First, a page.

"I'm not surprised at him/his having difficulties with the exam"


I'm not surprised at him/his having difficulties with the exam

Is it him or his? Why is it so? What is the grammar rule here? What would be some other examples where this rule is used?


Posted 2015-10-16T11:24:44.523

Reputation: 279



There is no rule: both are correct and both are used. The object form is more common in speech than the possessive determiner.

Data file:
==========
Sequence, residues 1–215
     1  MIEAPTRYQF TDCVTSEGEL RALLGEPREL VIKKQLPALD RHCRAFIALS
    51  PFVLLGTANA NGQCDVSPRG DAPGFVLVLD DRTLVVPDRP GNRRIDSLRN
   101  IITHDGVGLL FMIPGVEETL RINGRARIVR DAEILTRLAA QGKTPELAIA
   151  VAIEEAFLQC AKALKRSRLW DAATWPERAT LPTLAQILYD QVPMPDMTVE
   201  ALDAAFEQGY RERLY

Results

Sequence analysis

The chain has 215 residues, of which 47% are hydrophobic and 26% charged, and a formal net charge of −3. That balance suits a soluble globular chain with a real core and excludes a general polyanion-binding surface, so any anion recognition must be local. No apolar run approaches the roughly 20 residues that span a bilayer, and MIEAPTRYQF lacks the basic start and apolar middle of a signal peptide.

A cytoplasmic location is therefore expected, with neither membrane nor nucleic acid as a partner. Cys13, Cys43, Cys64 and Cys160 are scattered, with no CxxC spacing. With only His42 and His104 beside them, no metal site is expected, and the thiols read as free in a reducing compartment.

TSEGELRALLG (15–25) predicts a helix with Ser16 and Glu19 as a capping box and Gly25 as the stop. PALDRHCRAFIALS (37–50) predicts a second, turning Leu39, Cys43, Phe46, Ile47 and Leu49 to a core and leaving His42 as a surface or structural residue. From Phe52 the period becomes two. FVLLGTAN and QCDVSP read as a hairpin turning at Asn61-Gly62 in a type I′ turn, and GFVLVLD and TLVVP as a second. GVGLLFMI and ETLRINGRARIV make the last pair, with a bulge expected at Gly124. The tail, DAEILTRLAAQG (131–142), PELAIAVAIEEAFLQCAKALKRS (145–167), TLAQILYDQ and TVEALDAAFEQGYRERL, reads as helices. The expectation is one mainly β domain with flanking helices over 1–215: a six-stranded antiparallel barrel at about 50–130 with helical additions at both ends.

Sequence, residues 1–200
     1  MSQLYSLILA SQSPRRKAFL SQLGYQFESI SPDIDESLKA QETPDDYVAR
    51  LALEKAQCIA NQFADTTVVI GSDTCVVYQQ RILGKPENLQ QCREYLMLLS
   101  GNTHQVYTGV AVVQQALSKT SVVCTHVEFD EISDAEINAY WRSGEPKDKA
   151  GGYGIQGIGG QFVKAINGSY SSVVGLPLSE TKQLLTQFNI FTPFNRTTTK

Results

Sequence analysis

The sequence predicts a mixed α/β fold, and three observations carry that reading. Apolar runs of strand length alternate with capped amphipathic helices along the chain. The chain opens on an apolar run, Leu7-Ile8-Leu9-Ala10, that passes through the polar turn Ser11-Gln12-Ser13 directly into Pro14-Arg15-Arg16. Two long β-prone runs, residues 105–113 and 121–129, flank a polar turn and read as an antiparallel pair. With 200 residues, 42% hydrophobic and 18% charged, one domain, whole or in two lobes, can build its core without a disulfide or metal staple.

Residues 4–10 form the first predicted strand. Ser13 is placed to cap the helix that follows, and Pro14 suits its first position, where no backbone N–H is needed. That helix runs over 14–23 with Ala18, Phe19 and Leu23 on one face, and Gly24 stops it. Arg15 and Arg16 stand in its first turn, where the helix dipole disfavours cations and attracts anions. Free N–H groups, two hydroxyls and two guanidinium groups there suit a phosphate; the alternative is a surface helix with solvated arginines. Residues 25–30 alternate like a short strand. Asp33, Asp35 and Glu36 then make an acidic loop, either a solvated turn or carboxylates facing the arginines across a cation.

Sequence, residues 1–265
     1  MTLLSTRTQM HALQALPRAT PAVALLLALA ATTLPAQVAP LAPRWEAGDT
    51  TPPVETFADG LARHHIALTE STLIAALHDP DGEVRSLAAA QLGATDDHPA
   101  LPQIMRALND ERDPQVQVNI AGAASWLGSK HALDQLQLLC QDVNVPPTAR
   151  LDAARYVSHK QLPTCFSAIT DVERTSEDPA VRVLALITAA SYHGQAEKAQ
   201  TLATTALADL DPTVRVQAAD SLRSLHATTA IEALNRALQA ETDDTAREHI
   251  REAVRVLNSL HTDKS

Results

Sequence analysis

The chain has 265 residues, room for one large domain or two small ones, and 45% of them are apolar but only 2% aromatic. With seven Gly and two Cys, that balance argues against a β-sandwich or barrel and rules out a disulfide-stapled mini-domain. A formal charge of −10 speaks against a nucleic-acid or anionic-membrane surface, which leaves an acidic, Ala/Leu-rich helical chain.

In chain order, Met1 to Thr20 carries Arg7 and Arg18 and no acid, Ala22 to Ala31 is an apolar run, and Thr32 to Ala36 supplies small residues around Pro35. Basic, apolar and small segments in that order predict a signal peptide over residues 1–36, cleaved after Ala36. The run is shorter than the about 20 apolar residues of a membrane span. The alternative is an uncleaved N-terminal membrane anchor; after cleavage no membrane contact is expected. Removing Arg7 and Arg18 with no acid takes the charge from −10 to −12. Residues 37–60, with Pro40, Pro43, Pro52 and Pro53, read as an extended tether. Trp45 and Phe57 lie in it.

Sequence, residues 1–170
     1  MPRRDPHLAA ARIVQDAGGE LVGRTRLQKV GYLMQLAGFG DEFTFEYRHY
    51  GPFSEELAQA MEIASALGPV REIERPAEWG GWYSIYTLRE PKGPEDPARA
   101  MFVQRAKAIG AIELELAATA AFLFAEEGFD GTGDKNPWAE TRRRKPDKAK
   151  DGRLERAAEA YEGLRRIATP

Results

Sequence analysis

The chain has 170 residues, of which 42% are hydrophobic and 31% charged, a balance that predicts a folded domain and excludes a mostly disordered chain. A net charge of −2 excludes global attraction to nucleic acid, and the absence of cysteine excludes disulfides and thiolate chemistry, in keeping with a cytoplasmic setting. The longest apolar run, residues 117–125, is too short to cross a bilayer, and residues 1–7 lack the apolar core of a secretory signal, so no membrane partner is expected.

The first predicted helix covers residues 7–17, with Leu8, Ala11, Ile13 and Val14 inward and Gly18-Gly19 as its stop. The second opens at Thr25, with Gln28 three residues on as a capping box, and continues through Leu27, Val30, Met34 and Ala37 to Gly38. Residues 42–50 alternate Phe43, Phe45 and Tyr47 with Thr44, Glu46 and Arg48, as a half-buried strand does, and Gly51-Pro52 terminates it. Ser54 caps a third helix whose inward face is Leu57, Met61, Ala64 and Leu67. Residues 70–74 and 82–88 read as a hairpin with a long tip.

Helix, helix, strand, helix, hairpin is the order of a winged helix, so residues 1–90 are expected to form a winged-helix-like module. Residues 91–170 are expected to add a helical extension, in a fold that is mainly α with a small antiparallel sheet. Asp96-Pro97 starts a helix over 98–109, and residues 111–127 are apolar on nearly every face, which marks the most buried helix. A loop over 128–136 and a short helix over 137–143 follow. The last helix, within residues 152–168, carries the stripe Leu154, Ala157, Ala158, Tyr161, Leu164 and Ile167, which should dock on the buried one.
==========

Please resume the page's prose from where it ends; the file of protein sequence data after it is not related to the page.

As Professor Lawler elsewhere notes:

It's one variant, and falutes slightly higher, but with pronouns there are many idioms. Gerund clauses have two complementizers: the normal Acc-ing complementizer (without him telling me), and the Poss-ing complementizer (without his telling me). Both are correct, both are common, but Acc-ing is somewhat more common in practice.

Notice how he calls the accusative one the normal one: that’s the one with him.


Posted 2015-10-16T11:24:44.523

Reputation: 6 855